Aston Martin has lined up a £200 million, or roughly $300 million, cash infusion from its key shareholders, money that it will use to build several new models including a production version of the DBX crossover revealed at the Geneva Motor Show several months ago.
The goal is to create “the strongest and most portfolio in our history,” proclaimed Andy Palmer, the former Nissan senior executive who joined Aston Martin Lagonda as its new CEO last year.
“This additional long-term funding, will enable us to add extra model lines and broaden our presence in the luxury market segment by the end of the decade,” said Palmer in a statement. He made it clear that the primary focus is on the DBX.
While the goal is to develop “a new vehicle based on the DBX concept,” Aston sources have made it very clear to TheDetroitBureau.com that they will not produce the utility vehicle as shown in Geneva. For one thing, the production model will get five, rather than three, doors, and will be a bit less radical in its styling.
(For more on the Aston Martin DBX concept. Click Here.)
The show car was the first project initiated by Palmer, set into motion only four days after he officially joined the British marque last autumn.
In concept form, the DBX also featured a battery drive system. Aston officials have indicated they are working up an electric propulsion system but it is not clear what form it ultimately will take, whether pure battery drive or plug-in hybrid. Luxury rival Bentley will offer a plug-in version of the Bentayga SUV it plans to launch later this year.
And whether that plug-based system will be used in the production DBX also remains uncertain. Palmer has so far confirmed only that he would like to fit it into a version of the four-door Rapide sedan.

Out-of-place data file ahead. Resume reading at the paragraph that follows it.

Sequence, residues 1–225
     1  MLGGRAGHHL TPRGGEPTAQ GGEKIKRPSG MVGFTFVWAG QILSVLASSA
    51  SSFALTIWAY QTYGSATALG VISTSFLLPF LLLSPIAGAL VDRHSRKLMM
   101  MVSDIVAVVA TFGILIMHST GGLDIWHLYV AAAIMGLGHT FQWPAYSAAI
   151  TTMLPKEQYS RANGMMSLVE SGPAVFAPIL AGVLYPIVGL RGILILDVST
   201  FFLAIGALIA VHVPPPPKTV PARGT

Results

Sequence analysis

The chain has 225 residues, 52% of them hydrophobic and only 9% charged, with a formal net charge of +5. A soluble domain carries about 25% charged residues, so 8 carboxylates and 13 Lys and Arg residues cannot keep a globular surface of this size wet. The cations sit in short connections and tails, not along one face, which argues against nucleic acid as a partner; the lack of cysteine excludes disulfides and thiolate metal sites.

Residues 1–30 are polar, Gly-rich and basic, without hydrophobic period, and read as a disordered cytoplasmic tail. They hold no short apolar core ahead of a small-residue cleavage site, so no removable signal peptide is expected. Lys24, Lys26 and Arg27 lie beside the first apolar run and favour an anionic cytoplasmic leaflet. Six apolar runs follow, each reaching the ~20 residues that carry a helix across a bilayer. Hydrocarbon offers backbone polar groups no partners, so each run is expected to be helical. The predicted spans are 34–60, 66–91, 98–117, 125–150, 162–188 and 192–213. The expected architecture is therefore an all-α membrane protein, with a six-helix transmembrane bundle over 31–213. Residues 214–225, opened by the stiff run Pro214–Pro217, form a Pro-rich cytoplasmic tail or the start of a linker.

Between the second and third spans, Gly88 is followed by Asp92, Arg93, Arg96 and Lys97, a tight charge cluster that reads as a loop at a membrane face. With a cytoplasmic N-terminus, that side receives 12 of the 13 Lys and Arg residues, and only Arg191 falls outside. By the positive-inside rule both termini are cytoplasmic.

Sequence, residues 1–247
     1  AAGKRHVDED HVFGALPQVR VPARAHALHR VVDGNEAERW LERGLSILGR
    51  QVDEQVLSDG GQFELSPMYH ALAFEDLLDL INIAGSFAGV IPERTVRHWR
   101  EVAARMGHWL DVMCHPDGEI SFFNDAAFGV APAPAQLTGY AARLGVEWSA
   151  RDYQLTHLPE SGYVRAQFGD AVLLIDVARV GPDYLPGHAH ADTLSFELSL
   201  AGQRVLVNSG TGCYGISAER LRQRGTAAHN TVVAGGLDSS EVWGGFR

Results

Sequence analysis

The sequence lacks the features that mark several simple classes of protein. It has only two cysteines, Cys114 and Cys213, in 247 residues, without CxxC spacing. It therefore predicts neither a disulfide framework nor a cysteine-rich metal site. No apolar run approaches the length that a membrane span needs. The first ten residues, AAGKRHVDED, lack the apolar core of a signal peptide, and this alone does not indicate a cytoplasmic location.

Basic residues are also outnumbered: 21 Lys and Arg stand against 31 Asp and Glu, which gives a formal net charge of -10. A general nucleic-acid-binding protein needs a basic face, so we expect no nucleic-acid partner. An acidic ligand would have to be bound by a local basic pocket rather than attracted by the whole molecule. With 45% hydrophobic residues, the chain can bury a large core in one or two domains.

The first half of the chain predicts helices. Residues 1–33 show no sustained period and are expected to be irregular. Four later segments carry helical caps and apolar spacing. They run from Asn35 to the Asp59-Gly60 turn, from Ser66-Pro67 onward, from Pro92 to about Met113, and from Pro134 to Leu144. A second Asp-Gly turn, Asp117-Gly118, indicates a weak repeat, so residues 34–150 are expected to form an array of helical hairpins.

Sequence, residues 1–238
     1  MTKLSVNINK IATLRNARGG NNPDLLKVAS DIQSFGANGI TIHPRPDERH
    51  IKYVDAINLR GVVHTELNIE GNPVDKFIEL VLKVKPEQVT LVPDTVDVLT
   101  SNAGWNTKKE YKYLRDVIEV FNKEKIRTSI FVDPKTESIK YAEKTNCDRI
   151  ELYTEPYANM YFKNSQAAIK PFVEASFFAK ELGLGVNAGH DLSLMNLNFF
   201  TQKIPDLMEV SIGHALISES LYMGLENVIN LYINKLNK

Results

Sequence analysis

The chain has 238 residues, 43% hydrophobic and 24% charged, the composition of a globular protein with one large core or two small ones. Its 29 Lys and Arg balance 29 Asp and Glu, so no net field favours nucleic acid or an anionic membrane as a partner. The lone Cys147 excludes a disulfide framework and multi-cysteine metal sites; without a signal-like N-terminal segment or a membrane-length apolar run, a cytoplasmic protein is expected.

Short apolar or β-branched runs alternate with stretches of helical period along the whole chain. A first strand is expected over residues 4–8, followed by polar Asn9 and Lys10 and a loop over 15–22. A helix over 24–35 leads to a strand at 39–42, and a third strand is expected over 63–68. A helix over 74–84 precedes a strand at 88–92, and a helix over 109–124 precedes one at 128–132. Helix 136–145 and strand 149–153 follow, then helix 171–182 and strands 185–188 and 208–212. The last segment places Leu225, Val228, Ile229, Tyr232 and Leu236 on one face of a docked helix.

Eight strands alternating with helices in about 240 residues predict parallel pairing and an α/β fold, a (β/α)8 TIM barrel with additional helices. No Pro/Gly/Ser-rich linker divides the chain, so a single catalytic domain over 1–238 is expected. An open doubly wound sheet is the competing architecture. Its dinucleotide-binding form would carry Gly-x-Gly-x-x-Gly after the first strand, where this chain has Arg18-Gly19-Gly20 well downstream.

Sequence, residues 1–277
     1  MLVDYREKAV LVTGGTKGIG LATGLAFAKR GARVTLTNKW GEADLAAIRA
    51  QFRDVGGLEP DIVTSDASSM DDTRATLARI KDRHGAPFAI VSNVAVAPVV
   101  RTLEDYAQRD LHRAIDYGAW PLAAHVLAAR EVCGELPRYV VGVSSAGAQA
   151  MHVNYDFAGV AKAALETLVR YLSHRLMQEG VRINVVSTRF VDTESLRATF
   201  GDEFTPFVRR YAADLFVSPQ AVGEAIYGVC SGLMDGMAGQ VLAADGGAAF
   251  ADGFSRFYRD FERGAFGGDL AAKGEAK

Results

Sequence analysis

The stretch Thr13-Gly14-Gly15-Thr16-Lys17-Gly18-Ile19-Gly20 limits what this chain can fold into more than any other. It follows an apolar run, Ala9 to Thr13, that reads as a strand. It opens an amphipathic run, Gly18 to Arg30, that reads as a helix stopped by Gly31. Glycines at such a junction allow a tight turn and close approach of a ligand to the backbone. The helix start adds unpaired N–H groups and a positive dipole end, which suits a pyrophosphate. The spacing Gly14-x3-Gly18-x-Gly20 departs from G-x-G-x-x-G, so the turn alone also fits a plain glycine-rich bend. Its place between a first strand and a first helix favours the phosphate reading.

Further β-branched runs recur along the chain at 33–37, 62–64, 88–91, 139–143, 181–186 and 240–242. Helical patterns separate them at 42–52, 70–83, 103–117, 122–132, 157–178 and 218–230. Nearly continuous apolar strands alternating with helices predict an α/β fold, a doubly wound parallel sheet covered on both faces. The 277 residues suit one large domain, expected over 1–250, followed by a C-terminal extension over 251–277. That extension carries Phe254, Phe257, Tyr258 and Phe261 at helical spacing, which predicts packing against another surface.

“I have challenged not only convention but also my team to investigate an electric version of the Rapide, a product which will undoubtedly be attractive for the China market,” Palmer said during an appearance at the Shanghai Motor Show last month.
As to what other models might be coming from Aston, no one is commenting. But speculation includes a new model bearing the classic Lagonda badge, which would likely be reserved for a new sedan – or in British terms, saloon – model. And yet another new sports car could round things out.
As part of its Second Century plan, the 102-year-old Aston has announced a goal of doubling sales – to an annual 8,000 – by decade’s end, and has been pledged financial help by, among others, Italian capital fund Investindustrial SpA, which took a 37.5% stake in the maker in 2012.
(Click Here for more on Aston’s Second Century plan)
The new capital infusion has come from both Investindustrial and Aston’s other lead shareholder, Tejara Capital.
The confidence the two are showing comes as Aston begins to get its financial house in order after years of turmoil. The British maker said it generated £468 million in revenues during the 2014 fiscal year, or about $709 million, and adjusted EBITDA of £66 million.
(Aston Martin takes to the track with new Vulcan. For more, Click Here.)